I first met Karl-Heinz when he was about 8 or possibly 9 years old and I was an organiser of junior chess tournaments. At that time I could see that he was just a little ahead of others in his age group, but what struck me most about him was his eagerness
to improve, his strict adherence to the simple rules laid down by the anonymous teacher who had taken him in an afterschool chess activity group, and above all his relaxed attitude towards his games.
Karl-Heinz was the apple of his mother’s eye;
his father, who was a very moderate chess player himself, I think, was slightly in awe of his son’s talent, but they were very supportive of him taking up chess as they fondly believed that it would help him in the development of his brain and they may
well have been right as he was indeed a pretty bright kid..
I was told that he was named after his maternal grandfather Karl-Heinz Froehlich who had been a well known engineer in his native Germany, a very strong chess player there, and had played competitive
chess after migrating to Australia, although never quite to the standard he had achieved as a young man.
Karl-Heinz junior just kept on getting better and better as he moved through the age groups in junior championships and his composure and honesty
was a pleasure to watch.
Then there was disaster.
On an ill supervised school excursion, in a rock climbing activity one of his friends slipped and fell taking several of his companions with him. The boy was very badly injured but the ones that
fell with him including Karl-Heinz were also injured and taken to hospital.
The students, the teachers and particularly the hospitalised victims were severely traumatised and all were given extensive counselling. However rehabilitation was a slow process
and it was some considerable time before he returned to the club and I saw him play once more.
Observing him as he played I sensed though there was something missing, he did not seem to have the laid-back approach to his games he once had. When I queried
him what was wrong he confided in me that since the accident he heard voices in his head and that there was one particular voice that sounded a bit like his first teacher, that kept on telling him what to do when playing chess.
At first the voice had
made the simple commands his first teacher had given him when he started out.
Like; don’t touch the pieces until you are ready to move, or don’t talk to your opponent and the voice’s favourite advice: Don’t resign; no-one has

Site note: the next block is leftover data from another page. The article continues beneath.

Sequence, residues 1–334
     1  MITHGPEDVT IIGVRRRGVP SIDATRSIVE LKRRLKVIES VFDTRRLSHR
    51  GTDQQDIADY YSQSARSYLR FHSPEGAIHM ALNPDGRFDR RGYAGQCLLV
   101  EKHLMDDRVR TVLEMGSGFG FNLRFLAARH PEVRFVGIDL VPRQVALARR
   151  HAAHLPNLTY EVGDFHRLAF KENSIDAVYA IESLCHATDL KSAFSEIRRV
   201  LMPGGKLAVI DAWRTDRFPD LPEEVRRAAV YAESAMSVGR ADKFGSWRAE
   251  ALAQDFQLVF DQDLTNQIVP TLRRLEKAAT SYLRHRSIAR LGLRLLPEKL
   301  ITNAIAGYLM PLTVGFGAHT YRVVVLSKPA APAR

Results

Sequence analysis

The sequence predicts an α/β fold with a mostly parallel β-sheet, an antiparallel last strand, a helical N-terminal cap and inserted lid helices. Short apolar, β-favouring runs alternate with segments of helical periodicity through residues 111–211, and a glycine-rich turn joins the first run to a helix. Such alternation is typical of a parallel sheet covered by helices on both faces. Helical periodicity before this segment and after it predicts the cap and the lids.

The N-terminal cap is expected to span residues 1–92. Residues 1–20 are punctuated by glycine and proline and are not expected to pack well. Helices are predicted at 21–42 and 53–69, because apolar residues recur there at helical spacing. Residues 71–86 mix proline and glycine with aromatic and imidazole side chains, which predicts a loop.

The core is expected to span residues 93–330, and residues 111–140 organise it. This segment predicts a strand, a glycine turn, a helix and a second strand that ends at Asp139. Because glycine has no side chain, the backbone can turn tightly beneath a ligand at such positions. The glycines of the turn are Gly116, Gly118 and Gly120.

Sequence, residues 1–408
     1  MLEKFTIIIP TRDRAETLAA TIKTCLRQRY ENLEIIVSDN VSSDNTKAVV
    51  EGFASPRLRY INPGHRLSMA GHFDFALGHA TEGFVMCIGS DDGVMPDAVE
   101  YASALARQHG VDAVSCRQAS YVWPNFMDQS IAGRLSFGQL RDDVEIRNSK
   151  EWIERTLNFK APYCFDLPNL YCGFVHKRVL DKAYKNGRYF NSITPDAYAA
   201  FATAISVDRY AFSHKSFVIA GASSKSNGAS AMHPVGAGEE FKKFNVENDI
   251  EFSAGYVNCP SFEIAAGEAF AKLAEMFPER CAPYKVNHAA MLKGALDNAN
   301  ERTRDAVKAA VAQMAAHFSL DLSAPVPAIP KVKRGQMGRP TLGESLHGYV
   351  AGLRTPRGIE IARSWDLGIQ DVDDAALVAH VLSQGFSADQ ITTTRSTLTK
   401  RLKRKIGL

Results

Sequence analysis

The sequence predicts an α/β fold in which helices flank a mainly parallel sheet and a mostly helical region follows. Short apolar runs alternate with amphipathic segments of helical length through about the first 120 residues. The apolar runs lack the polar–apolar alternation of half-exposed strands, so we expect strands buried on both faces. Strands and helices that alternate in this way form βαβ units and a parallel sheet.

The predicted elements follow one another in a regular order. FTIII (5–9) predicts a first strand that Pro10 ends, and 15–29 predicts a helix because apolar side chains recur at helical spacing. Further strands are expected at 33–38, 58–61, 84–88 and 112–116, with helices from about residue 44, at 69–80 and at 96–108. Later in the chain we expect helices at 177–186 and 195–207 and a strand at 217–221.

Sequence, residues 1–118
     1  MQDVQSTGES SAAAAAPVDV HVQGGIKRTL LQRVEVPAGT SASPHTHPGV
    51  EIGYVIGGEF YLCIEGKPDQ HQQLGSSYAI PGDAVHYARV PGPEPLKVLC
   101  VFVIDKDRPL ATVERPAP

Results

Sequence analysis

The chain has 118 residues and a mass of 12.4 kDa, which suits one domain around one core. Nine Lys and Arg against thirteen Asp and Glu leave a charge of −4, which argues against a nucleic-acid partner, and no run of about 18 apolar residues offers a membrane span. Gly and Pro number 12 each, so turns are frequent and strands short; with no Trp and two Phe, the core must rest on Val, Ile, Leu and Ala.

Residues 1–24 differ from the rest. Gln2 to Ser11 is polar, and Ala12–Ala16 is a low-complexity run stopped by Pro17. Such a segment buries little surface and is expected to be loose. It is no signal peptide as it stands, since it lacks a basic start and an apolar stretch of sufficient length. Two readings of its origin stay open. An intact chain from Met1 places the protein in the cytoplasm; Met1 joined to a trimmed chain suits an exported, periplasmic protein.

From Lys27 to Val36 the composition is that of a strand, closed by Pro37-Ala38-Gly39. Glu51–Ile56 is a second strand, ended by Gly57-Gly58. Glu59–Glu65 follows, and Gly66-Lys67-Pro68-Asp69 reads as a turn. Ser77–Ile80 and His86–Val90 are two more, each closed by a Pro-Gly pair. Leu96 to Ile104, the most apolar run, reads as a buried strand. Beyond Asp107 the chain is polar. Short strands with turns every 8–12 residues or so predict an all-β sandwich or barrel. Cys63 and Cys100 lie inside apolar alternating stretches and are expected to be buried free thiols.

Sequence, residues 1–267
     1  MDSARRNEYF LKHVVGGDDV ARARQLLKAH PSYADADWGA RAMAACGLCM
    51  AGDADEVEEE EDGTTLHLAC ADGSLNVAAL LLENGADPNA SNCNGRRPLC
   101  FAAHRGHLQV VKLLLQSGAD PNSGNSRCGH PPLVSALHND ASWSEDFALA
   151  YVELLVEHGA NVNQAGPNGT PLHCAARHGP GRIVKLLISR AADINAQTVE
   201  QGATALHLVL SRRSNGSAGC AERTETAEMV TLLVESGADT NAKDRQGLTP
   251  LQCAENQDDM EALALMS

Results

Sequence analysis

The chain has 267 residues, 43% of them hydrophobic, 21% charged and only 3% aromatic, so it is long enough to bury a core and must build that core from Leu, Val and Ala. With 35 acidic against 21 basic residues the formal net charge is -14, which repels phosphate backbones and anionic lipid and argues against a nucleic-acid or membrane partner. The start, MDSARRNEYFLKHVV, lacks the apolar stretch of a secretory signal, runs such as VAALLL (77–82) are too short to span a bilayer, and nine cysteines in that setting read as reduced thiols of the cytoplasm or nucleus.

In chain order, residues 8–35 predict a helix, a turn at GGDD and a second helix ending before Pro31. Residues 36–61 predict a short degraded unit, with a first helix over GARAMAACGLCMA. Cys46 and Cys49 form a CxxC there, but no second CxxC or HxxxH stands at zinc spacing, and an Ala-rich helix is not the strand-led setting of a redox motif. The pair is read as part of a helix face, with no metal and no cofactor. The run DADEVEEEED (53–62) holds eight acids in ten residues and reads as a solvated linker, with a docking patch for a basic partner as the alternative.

ever won a game by resigning.
Karl-Heinz had not been all that fussed about these messages but lately the voice had been telling him which move to make or which move to avoid making, and that was the annoying bit, as the voice was a lousy player and
the moves suggested were always inferior to the ones Karl-Heinz had planned or was analysing.
One night after a game and in the analysis room he told his opponent, a much older player, about the inner voice that had bothered him during the game. The
opponent having just been annihilated across the board saw the opportunity to get some of his own back and complained to the arbiter that Karl-Heinz had been getting outside advice. Not in the more usual way of getting computer messages on his i-phone but
by a voice in his head.
The arbiter ruled against the complainant but as the loss had hurt deeply an appeal was lodged with the Association and a
disputes committee appointed.
After 3 months of deliberations the committee came down with
the bizarre ruling that Karl –Heinz had indeed been receiving outside help and the most likely explanation had been that the voice was the voice of God.
I had always known that the chess community had a fair sprinkling of religious cranks but
how the association got 3 of them together on the same committee was beyond me.
But there it was.
I suggested to Karl-Heinz that he appeal on the grounds that the voice was an inferior chess player and therefore it could not possibly have been
the voice of the Almighty, but having his integrity thus doubted Karl-Heinz decided that he no longer wanted to play and retired at the ridiculously early age of 14.
I found out later that the condition poor kid was suffering from is called auditory
hallucination and can be brought on by trauma after serious accidents. The condition is well-known and can be cured over time.
It was years later when I met Karl-Heinz again; he had graduated from Melbourne University with first class honours and was
planning to become an engineer like his grandfather. Fortunately his special field was not the design and construction of armoured war machines as granddad’s had been, but the development of super conductors that might one day be used in the construction
of a maglev train that would connect Australia’s seaboard cities. He seemed glad to see me and we talked for awhile about chess and the past. He also told me the voice in his head no longer spoke to him and he assumed that that was because the concept
of superconductivity was beyond the understanding of the voice and so it now left him in peace, He said he was content with his life, still close to his parents, but having had his integrity put into doubt as it had been when he was a boy he would never return